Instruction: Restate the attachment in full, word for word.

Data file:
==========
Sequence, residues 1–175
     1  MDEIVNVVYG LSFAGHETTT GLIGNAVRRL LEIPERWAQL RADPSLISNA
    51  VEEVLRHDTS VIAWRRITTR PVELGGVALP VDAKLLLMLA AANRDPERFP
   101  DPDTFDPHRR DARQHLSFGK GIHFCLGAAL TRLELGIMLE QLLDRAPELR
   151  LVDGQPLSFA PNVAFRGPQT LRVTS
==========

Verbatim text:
Sequence, residues 1–175
     1  MDEIVNVVYG LSFAGHETTT GLIGNAVRRL LEIPERWAQL RADPSLISNA
    51  VEEVLRHDTS VIAWRRITTR PVELGGVALP VDAKLLLMLA AANRDPERFP
   101  DPDTFDPHRR DARQHLSFGK GIHFCLGAAL TRLELGIMLE QLLDRAPELR
   151  LVDGQPLSFA PNVAFRGPQT LRVTS